What lies ahead for Imran Khan and PTI, is still a matter of speculation, but Imran knew that his arrest is a matter of time and he knows about his end too. The government is being played by the men in khaki who are seated on the sides. Elections cannot be held in such prevailing circumstances, no matter how loud their judiciary shrieks. Whoever wins the election won’t be able to rescue this debt-ridden nation from its predicament and bail out Pakistan from the quagmire. Once again, their politicians have shown that they are incapable of leading. Their industry is dysfunctional and shut down. Agriculture is for names sake. The country is debt ridden.
Scenes of arson and violence on streets have grabbed the world attention yesterday. A Corps Commander’s home is no place for monkeyshines. Entering an Army garrison and Corps Commander’s house is no joke. It’s also difficult to attack the ISI headquarters. No gunshots were heard. Could the army really be downplaying things that much? People who don’t have enough to eat are out on the highways, lighting fire to anything that is in their way because the forces haven’t yet been mobilized. This is indeed difficult to digest.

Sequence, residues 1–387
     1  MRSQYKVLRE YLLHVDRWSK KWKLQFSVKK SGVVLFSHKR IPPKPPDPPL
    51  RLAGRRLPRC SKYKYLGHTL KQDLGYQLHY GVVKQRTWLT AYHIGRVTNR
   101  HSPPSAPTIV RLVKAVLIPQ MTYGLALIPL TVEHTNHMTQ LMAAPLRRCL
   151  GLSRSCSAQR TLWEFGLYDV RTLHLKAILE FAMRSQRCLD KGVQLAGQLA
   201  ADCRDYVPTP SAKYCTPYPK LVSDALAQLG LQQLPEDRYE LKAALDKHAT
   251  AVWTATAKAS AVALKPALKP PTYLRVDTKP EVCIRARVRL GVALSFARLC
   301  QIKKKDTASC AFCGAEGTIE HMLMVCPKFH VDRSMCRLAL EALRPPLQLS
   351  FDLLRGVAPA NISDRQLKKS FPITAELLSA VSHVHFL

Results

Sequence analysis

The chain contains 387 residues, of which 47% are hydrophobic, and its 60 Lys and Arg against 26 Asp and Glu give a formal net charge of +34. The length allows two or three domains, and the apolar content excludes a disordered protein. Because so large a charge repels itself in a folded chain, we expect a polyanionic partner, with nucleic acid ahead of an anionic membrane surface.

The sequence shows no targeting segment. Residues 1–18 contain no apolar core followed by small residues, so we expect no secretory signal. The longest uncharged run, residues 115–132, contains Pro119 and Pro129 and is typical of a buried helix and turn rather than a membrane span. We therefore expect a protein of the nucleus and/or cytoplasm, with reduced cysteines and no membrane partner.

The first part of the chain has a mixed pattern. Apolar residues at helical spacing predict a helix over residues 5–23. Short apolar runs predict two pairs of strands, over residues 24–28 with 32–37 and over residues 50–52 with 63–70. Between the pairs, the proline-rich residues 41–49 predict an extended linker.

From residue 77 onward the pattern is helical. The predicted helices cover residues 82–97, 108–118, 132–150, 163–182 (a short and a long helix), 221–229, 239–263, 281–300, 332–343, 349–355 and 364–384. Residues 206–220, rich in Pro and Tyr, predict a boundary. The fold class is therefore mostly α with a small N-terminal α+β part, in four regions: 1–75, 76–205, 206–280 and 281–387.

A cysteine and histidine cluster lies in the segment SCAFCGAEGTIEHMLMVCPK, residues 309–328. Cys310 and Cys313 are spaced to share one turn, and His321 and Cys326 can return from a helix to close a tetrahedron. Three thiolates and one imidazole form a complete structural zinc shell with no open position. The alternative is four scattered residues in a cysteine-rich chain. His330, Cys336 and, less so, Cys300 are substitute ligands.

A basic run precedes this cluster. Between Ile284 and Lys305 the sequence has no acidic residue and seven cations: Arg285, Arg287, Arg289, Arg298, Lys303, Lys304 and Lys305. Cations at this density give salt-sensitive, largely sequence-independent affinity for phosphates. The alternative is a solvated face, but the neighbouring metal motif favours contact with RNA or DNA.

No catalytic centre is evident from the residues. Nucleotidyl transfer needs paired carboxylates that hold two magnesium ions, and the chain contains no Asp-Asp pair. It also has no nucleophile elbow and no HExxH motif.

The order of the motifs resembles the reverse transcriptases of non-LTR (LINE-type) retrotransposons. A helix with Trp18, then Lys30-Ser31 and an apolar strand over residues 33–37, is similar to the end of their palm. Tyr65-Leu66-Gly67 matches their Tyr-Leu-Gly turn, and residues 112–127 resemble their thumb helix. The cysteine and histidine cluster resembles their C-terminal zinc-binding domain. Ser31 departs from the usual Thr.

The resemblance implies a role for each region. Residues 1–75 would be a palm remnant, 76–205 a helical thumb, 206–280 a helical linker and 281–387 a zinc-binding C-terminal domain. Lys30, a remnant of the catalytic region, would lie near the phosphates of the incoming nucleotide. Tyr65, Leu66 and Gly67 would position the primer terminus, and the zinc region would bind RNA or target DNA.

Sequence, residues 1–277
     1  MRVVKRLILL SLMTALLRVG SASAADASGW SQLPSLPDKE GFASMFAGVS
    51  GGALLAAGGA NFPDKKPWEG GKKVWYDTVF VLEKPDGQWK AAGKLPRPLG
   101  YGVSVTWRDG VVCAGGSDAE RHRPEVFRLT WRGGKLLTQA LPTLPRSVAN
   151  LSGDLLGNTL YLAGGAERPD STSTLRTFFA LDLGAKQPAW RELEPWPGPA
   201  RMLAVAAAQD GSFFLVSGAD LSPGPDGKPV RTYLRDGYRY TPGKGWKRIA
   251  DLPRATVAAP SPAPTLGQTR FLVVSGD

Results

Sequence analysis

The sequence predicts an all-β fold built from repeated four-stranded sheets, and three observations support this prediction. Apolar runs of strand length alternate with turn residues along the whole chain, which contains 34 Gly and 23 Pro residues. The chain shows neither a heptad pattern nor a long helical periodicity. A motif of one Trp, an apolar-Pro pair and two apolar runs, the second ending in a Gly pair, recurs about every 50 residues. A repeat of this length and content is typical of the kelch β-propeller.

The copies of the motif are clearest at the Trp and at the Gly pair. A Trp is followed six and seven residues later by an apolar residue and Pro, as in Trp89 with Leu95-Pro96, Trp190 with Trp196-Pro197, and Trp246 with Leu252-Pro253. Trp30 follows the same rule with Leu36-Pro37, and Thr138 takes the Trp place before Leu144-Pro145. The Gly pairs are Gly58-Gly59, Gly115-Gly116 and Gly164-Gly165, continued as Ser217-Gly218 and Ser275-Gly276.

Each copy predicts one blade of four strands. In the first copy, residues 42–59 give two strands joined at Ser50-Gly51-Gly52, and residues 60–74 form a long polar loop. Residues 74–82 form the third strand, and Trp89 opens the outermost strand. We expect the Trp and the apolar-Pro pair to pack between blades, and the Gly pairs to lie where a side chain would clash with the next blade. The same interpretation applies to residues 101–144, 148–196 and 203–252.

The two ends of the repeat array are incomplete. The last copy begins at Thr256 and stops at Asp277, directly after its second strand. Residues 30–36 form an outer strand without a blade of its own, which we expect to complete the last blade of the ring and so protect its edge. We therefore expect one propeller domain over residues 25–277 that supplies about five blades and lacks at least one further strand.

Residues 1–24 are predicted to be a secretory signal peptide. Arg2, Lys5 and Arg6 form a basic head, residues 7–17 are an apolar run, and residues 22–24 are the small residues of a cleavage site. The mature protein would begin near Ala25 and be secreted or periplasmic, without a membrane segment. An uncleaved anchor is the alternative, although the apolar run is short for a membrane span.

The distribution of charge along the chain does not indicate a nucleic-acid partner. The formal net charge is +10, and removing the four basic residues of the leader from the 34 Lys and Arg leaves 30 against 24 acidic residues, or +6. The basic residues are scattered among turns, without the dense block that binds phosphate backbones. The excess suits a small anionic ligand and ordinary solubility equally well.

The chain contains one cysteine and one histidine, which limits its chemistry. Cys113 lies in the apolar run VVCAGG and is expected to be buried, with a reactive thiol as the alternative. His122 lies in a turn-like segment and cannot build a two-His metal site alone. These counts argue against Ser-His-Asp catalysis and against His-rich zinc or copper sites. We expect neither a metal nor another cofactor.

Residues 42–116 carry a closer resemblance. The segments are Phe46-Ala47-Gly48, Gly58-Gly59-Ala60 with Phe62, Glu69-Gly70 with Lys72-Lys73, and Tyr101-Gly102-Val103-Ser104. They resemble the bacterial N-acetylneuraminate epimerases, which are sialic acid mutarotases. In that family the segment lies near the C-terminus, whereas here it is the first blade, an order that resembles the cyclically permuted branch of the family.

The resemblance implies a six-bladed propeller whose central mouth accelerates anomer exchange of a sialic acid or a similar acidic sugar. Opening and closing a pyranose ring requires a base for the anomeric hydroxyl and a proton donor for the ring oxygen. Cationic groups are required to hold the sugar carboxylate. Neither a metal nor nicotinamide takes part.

The aftermath of Imran Khan’s arrest seems scripted. The Army seems to be allowing PTI supporters to carry out arson and loot without much resistance so that it gives the ISI and Pakistan Army an alibi to impose martial law in Pakistan. It may be announced any time. It appears the civilian government will function as a puppet government.
The mass uprising of the people of Pakistan will fizzle off after a few days. This has happened on earlier occasions in Pakistan. The Army and ISI is fully entrenched in Pakistan and all those who oppose their authority will meet the fate like Zulfikar Bhutto who, though was a mass leader, was annihilated by ISI. Imran Khan seems to have made the grave mistake of challenging the Pakistan Army and will pay the price by cooling his heels in a fortified prison. Imran Ahmad Khan Niazi, played cricket, built hospitals, entered politics, eventually, managed to become the PM, got himself shot, went to prison. The Army was, is, and will always be the major focus, no matter which political party gets “selected” again. I wish Pakistan to be in peace. Pakistan was divided into two countries, India gained little of out. It might, now divide into four halves. Should they flounder and stink in their own muck? Can they escape? I wonder.
Siddhartha Dave is an alumnus of the United Nations University in Tokyo and a former Lok Sabha Research Fellow. He writes on foreign affairs and security.